Waterloo professor emeritus named 2020 Stockholm Water Prize Laureate

Monday, March 23, 2020

CherryJohn Cherry, a distinguished professor emeritus from the Department of Earth and Environmental Sciences, Faculty of Science has been named 2020 winner of the prestigious Stockholm Water Prize. The announcement was made March 23, by the Stockholm International Water Institute (SIWI). Cherry is the first hydrogeologist and the second Canadian to win the international award, which has gone to academics and organizations worldwide, including the International Water Management Institute in Sri Lanka and Great Britain’s Water Aid.

Awarded annually since 1991, the Stockholm Water Prize honours individuals and organizations whose work helps to conserve and protect water resources. Cherry is scheduled to receive the award from Princess Victoria of Sweden in late August and will address the opening session of this year’s World Water Week conference organized by the Stockholm International Water Institute (SIWI).

We are absolutely delighted that Professor John Cherry has been awarded the prestigious Stockholm Water Prize. His breakthrough research helped define what we know as contaminant hydrogeology, his teaching has influenced generations of hydrogeologists around the world, and his legacy was fundamental to the establishment of Waterloo’s Water Institute” said Water Institute Executive Director Roy Brouwer.

Cherry plans to use the award to highlight what he calls “the global groundwater crisis”. “Worldwide, groundwater quality is imperiled by pollutants, especially contaminants from agriculture, road salting, septic systems and industrial chemicals”, said Cherry.

A 2016 United Nations report projected that rising global temperatures, expanding urbanization and continued population growth will result in a 40 per cent global water deficit by 2030. Nearly all of Earth’s liquid freshwater is groundwater, including reserves that provide drinking water for about one in three Canadians. Almost half of the world population depends on groundwater for domestic use and many rely on it for irrigation.

Groundwater is an issue that gets ignored in Canada and in many other countries” said Cherry. “It’s going on underground, so you can’t see it, but it’s the backbone of the freshwater cycle”.

This summer, Cherry will launch the Groundwater Project, a series of e-books and other educational resources to be made available free online in several languages for users from water experts to university students to schoolchildren. Cherry has solicited chapters from hundreds of water experts worldwide. The project will be based at the University of Guelph, where Cherry is a principal investigator with the G360 Institute for Groundwater Research.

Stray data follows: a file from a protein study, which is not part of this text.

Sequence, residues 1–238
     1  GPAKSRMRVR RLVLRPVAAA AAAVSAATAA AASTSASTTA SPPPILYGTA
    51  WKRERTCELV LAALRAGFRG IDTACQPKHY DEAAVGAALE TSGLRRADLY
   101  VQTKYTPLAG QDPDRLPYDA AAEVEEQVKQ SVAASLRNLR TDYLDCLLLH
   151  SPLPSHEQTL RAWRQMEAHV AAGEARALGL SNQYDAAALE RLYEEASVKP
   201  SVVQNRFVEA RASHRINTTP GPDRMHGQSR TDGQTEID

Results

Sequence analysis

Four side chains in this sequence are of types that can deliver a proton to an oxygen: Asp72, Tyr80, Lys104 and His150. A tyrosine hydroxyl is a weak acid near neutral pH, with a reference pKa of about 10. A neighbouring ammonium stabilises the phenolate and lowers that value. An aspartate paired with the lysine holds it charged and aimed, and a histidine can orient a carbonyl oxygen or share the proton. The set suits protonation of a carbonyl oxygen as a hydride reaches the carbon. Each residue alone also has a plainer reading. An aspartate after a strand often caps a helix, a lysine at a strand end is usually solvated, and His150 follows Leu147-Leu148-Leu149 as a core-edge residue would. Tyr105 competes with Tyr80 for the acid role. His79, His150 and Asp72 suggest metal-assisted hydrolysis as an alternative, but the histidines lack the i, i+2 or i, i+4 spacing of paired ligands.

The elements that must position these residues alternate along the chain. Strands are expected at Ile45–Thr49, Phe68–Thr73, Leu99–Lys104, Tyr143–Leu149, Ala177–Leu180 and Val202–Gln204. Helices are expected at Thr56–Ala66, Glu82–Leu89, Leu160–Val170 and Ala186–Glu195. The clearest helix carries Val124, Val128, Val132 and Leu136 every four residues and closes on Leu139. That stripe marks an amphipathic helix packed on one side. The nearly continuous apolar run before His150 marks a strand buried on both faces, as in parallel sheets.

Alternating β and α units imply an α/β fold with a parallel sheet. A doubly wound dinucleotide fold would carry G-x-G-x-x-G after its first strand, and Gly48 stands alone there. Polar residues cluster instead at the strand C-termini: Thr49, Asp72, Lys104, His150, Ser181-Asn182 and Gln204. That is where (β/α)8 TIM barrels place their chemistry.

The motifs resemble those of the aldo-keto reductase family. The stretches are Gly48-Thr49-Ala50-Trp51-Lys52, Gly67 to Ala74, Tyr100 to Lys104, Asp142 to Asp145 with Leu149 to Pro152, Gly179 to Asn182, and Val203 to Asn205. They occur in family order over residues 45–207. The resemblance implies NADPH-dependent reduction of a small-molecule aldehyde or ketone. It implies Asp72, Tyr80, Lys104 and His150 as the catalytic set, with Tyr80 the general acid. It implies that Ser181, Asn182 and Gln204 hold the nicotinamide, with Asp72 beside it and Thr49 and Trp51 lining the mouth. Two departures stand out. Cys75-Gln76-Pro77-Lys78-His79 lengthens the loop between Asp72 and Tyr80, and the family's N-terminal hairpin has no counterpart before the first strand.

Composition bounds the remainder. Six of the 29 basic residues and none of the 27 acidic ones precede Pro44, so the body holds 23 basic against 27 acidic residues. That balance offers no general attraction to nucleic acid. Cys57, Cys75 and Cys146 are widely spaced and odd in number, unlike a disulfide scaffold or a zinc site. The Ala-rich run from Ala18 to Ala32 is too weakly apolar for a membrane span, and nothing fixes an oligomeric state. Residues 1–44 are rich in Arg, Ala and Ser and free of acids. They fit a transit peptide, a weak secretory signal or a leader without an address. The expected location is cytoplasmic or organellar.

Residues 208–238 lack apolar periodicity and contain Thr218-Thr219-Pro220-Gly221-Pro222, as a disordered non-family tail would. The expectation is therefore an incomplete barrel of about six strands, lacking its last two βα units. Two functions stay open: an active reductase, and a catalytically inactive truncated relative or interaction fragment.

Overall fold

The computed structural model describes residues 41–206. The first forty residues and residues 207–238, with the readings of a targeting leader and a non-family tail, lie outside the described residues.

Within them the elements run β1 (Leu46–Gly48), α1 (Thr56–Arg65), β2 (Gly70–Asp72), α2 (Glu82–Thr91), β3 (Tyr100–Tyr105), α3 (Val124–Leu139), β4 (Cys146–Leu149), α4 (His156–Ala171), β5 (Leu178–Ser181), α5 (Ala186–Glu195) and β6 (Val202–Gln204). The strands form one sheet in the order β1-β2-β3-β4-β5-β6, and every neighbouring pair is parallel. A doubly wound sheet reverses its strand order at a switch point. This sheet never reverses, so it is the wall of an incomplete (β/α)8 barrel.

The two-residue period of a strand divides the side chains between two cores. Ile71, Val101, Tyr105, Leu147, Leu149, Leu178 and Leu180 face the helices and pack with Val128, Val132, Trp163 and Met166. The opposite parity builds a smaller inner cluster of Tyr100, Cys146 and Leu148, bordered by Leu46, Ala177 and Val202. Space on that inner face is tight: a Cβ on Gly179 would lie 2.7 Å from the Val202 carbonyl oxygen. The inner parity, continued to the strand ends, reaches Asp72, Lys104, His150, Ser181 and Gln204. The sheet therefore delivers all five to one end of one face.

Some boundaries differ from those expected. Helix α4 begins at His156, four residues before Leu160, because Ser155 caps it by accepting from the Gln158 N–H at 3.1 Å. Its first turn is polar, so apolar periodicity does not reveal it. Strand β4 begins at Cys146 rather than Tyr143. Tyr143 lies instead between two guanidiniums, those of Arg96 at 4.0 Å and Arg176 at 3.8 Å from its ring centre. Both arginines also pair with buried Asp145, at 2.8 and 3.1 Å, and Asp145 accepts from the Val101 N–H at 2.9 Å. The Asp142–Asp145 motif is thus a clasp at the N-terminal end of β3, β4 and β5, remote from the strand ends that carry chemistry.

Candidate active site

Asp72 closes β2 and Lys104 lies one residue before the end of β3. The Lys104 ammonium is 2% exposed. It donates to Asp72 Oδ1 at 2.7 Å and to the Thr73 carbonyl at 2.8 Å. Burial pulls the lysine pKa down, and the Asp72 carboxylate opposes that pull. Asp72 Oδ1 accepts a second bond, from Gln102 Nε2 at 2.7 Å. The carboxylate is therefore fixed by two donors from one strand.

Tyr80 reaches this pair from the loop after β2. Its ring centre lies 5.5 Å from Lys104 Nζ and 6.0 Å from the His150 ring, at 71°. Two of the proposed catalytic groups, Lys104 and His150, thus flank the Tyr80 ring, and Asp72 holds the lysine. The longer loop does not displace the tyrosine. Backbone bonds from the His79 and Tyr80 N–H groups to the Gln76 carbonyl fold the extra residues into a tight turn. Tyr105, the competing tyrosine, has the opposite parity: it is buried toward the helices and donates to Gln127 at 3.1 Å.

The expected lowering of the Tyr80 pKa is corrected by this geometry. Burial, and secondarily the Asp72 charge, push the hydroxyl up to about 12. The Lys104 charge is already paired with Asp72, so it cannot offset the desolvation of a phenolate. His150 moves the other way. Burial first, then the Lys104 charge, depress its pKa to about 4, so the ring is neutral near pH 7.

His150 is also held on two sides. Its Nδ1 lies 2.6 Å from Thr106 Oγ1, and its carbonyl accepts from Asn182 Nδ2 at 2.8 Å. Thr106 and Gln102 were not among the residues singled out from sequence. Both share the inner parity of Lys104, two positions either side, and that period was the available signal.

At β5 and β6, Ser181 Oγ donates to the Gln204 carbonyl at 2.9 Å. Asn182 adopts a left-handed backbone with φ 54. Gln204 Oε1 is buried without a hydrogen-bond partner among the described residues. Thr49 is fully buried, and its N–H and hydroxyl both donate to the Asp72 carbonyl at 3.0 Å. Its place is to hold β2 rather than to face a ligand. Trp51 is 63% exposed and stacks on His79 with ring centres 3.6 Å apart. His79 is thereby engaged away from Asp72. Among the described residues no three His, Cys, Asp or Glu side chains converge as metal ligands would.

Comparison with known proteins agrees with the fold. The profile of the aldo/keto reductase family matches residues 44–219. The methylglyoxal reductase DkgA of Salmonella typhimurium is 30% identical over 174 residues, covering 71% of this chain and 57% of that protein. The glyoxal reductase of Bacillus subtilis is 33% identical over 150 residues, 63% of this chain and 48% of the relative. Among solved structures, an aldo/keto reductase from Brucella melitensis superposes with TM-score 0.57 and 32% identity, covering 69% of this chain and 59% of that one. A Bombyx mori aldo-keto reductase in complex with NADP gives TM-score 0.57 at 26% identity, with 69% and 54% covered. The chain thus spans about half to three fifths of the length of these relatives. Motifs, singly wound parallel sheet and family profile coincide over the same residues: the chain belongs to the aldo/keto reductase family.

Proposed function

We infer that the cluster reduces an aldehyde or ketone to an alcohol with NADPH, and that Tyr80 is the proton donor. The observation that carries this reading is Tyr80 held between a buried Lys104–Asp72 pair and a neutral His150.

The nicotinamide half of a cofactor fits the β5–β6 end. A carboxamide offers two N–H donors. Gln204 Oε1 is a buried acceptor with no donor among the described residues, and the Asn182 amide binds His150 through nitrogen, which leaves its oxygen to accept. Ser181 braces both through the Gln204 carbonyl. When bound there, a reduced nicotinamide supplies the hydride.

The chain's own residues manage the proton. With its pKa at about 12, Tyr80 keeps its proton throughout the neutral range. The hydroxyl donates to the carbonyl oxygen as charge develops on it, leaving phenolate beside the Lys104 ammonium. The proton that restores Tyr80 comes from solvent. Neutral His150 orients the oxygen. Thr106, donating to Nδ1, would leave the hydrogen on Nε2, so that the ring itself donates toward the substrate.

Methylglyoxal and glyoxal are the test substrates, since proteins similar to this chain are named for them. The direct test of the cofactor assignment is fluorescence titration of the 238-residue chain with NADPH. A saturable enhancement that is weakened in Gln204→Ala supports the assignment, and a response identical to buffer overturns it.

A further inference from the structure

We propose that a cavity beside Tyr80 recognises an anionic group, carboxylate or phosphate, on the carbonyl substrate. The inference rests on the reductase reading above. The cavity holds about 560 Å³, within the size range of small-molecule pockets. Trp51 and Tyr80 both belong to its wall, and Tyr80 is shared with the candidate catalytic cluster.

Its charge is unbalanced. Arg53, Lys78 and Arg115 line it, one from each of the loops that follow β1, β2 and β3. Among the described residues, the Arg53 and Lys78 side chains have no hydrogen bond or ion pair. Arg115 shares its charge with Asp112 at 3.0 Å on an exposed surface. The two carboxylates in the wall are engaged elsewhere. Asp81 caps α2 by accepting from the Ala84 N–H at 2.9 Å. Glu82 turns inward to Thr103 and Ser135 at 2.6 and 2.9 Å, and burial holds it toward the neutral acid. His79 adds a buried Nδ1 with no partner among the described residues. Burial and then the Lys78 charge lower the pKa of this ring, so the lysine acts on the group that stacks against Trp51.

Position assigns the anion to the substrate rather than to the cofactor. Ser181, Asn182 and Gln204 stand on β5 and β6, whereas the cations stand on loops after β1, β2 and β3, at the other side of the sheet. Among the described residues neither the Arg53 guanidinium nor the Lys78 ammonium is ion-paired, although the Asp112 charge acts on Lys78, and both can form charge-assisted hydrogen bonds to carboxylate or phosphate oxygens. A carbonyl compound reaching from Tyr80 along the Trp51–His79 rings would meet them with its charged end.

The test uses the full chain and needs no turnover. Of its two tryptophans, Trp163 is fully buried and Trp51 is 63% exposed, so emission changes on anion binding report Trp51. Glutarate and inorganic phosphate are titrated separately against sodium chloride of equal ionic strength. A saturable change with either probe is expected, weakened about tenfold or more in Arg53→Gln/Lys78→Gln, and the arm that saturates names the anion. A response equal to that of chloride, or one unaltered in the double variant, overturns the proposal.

Called a “pioneer of contaminant hydrogeology,” he joined the University of Manitoba in 1967 as Canada’s first groundwater professor. Moving to the University of Waterloo in 1971, he led a groundwater research group for decades. His research criteria for choosing safe disposal sites for radioactive wastes have been adopted in worldwide regulations. The nomination for the Stockholm Water Prize was submitted by the University of Waterloo’s Department of Earth and Environmental Sciences and the Water Institute.

Cherry has been named a Fellow of the Royal Society of Canada and a Foreign Fellow of the America Academy of Engineering. In 2016, he also received the Singapore Lee Kuan Yew Water Prize for his outstanding contributions to global water research. In 1979, Cherry co-authored the definitive textbook Groundwater.

Cherry traces his longtime interest in water resources to the work of his parents, Lawrence Cherry and Evelyn Spice Cherry, who experienced drought while growing up in Canada’s west. Both worked for the National Film Board and later ran a Saskatchewan documentary film company specializing in social and environmental issues. 

Cherry 2


  1. 2023 (69)
    1. November (7)
    2. October (6)
    3. September (7)
    4. August (7)
    5. July (4)
    6. June (6)
    7. May (6)
    8. April (9)
    9. March (5)
    10. February (5)
    11. January (7)
  2. 2022 (102)
    1. December (7)
    2. November (9)
    3. October (13)
    4. September (6)
    5. August (4)
    6. July (7)
    7. June (8)
    8. May (8)
    9. April (10)
    10. March (9)
    11. February (8)
    12. January (13)
  3. 2021 (124)
    1. December (8)
    2. November (15)
    3. October (10)
    4. September (12)
    5. August (10)
    6. July (9)
    7. June (12)
    8. May (5)
    9. April (10)
    10. March (13)
    11. February (9)
    12. January (11)
  4. 2020 (124)
  5. 2019 (108)
  6. 2018 (98)
  7. 2017 (79)
  8. 2016 (37)
  9. 2015 (30)
  10. 2014 (21)
  11. 2013 (23)
  12. 2012 (33)